Not everyone feels that way. Michael Steele, a former chairman of the Republican National Committee, told The Hill that he believed the party would rally behind Trump if he became the nominee.
“You’ve got Republicans who say, ‘I will never vote for him, I will vote for Hillary.’ That is just silly talk,” Steele complained. “If you are a party leader or a party official, you have got to be about keeping the GOP competitive, and the only way you are going to do that is to be on the same page as the nominee.”
Similar predictions of unity are coming from other major players in GOP fundraising.
Fred Malek, the finance chairman of the Republican Governors Association, told The Hill on Friday that “the majority of donors want to see a Republican victory. They might prefer somebody other than Trump, but if he gets the nomination, they will fall in line.”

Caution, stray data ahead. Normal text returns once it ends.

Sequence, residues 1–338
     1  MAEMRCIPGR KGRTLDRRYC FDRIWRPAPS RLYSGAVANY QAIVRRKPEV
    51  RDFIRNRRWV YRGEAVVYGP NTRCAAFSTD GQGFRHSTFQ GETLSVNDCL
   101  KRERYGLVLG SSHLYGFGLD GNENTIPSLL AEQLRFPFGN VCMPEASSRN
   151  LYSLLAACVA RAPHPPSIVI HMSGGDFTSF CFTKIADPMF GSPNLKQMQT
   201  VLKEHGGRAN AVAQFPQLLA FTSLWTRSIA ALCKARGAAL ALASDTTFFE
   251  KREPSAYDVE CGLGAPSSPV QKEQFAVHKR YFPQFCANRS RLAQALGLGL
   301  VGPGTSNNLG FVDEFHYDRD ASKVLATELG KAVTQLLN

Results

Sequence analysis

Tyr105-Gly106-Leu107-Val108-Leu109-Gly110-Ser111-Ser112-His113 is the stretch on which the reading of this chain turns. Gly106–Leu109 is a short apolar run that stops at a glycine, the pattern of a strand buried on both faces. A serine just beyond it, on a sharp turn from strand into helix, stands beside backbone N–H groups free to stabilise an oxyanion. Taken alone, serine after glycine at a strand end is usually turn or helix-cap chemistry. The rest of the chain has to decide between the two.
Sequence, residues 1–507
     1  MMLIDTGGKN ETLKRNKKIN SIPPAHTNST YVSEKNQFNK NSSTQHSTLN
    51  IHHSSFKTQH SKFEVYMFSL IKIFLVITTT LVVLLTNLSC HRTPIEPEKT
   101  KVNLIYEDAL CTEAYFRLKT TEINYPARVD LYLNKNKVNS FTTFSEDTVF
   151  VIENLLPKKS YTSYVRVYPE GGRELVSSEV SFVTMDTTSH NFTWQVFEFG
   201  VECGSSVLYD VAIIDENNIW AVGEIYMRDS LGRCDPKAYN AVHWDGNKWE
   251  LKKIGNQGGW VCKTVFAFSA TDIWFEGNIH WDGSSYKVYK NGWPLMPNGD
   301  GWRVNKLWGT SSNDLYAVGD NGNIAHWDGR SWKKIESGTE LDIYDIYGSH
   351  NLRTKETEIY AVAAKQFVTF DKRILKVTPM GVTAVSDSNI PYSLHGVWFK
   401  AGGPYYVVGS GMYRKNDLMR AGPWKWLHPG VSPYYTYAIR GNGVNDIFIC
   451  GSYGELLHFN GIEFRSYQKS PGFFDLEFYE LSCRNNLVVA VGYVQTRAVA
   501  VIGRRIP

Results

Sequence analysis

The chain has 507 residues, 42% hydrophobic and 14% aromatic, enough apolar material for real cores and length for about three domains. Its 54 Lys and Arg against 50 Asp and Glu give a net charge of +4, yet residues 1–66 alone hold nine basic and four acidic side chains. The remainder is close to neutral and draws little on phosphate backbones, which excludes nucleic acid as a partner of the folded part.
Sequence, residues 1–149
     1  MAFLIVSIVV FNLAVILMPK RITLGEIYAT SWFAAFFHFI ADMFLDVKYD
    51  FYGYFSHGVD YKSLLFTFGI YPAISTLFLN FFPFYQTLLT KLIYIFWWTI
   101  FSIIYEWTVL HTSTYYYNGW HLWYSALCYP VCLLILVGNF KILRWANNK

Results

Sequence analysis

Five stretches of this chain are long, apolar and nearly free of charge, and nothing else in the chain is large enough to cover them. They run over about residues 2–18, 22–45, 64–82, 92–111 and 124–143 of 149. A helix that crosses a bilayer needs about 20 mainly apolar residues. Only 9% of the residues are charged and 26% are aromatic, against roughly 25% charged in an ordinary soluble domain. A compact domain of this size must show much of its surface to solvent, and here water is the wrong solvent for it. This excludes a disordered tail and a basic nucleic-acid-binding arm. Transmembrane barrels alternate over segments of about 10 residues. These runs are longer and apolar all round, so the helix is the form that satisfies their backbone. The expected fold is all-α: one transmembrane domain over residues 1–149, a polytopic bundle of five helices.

Those who are optimistic about a detente between Trump and the GOP establishment take heart from the more temperate tone the businessman adopted in last week’s debate in Miami, as well as a broader shift in his rhetoric toward a general election footing.
Some see that shift as a recognition from Trump that his fiery tone during the primary won’t get the job done in November.